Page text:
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Fall Weed Management

By Gary Norton, Park Ranger

As the weather begins to turn cooler, the rangers are planning their fall weed management activities. The two most important seasons are in the spring, when plants begin their growth cycles and, in the fall, when they are shutting down and storing reserves for the winter. Weeds, like knapweed and musk thistle, are very susceptible to spring applications due to the uptake of chemical during their early growth stages. Fall weed spraying can be very effective since plants can transport herbicides to their roots along with water. Species targeted in the fall are deeply rooted perennials like Canada thistle, which require several management strategies to achieve control. The rangers have been busy this summer preparing spray areas for fall management.

Mowing is part of an integrated management approach to weed management. Noxious weeds have been known to develop a resistance to herbicides, so using different methods like prescribed burning, mowing and seasonal variations can give us a better chance of controlling noxious weeds. During the summer months, the rangers mow infested areas of noxious weeds to limit seed production and to stimulate the weeds like Canada thistle to “flush out.” This method encourages the plants to use more energy in creating more green foliage and provides a greater surface area for herbicide application. The mowed areas are less likely to survive the winter due to less stored energy and the herbicide applied to the plant surface is quickly transported to the roots where it can do more damage to the plant. Hardy perennial weeds easily survive “top kill” application due to their significant stores of energy below ground.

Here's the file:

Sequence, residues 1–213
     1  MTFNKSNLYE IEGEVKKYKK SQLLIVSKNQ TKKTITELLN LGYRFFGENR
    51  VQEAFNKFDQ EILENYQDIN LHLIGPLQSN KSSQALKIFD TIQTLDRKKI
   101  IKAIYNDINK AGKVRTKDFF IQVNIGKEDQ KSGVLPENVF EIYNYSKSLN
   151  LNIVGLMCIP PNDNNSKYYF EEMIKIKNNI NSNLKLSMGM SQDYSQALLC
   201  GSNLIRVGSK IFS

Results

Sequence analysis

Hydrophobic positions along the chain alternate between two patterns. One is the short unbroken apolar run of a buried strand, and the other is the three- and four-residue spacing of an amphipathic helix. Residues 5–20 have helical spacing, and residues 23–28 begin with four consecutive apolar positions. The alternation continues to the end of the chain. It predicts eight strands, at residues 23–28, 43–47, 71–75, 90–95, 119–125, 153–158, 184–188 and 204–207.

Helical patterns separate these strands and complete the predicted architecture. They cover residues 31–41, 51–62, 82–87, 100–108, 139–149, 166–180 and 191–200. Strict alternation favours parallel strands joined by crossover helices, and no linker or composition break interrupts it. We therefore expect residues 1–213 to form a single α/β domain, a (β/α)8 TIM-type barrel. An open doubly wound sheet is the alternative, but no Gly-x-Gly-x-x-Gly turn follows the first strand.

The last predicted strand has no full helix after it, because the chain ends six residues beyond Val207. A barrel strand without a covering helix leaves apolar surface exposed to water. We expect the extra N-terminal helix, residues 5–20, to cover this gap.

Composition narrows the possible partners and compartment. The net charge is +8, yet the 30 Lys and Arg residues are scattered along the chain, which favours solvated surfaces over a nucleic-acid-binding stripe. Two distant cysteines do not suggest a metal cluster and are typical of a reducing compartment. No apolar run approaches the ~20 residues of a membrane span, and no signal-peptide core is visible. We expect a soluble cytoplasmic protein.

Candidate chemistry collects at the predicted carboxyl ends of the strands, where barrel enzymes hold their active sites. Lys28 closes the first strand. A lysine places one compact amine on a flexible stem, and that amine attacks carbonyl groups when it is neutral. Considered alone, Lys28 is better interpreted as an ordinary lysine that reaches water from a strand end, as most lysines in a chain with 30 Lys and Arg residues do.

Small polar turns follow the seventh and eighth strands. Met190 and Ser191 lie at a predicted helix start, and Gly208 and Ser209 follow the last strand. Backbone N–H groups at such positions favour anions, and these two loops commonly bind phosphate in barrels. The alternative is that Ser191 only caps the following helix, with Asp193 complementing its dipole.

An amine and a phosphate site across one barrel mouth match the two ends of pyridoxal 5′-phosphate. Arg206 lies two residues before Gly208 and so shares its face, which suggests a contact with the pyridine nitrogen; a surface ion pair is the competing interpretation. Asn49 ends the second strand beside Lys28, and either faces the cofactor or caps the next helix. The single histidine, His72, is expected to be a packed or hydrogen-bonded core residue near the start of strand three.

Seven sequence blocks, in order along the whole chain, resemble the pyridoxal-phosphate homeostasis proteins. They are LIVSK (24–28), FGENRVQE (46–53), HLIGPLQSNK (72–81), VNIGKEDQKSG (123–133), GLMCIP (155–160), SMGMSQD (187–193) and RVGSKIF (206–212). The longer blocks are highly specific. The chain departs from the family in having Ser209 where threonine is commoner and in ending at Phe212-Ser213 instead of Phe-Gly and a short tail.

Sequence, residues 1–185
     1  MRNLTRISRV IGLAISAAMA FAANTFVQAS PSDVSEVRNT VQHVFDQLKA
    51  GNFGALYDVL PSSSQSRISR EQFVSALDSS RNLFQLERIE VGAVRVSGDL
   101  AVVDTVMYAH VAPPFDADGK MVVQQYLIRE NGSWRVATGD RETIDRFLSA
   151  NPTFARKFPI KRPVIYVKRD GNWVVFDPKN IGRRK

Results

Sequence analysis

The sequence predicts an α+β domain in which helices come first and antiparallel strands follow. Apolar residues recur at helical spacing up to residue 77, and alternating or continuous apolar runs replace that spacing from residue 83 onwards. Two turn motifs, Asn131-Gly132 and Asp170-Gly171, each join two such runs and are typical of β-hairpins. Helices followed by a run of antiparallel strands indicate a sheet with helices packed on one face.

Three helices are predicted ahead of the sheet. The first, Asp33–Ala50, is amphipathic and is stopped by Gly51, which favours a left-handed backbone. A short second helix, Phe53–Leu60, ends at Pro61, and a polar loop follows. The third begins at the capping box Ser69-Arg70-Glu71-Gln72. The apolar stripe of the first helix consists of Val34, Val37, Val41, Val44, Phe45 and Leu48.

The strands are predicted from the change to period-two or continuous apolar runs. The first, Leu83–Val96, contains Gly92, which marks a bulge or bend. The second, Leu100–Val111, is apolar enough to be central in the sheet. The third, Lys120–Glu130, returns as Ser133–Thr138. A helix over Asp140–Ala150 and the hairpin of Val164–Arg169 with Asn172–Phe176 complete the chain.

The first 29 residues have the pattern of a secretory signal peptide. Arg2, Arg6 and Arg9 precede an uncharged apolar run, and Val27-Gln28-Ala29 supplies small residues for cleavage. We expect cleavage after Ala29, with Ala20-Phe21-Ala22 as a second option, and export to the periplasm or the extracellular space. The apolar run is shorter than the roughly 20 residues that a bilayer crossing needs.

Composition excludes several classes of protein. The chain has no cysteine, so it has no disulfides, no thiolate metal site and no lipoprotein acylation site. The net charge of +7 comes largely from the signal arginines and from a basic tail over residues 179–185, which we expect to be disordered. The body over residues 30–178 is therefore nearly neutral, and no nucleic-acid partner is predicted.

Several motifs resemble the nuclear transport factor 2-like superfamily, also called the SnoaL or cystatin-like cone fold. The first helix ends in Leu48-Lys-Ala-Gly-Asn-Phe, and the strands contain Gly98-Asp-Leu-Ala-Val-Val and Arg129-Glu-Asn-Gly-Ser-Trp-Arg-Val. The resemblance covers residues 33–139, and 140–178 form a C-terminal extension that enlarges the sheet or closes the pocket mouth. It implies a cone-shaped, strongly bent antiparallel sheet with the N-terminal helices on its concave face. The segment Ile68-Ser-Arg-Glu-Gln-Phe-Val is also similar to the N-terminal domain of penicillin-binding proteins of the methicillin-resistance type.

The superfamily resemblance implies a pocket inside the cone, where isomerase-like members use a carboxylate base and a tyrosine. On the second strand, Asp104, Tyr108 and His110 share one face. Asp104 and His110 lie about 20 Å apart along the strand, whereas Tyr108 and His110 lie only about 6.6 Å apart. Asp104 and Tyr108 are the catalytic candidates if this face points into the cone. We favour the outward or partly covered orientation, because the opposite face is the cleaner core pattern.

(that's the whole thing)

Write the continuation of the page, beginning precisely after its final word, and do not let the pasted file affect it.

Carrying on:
The ranger staff has been prioritizing fall spraying objectives throughout the summer based on the following: areas that were mowed, resident input and critical habitat areas. A target weed species list is generated by the state, which lists the most noxious weeds and under state mandate and requires property owners to control these weeds. The amount of control is dependent on each species with the goal of a reduction in numbers over time.

The ranger staff encourages residents near open space to monitor and manage weeds on their own properties and in the open space by their homes. Residents are allowed to mow a ten-foot buffer in open space, which can help in weed control. A resident can also use a broadleaf specific herbicide like Weed Be Gone, but residents should never use herbicides like Roundup because it kills all plants in the management area. Before treating weeds in open space, the ranger staff asks that you contact our office and schedule a field visit so that we can evaluate the weed problem and make recommendations.

If you have any questions on fall weed management, please contact the rangers at (303) 979-1876 ext. 170

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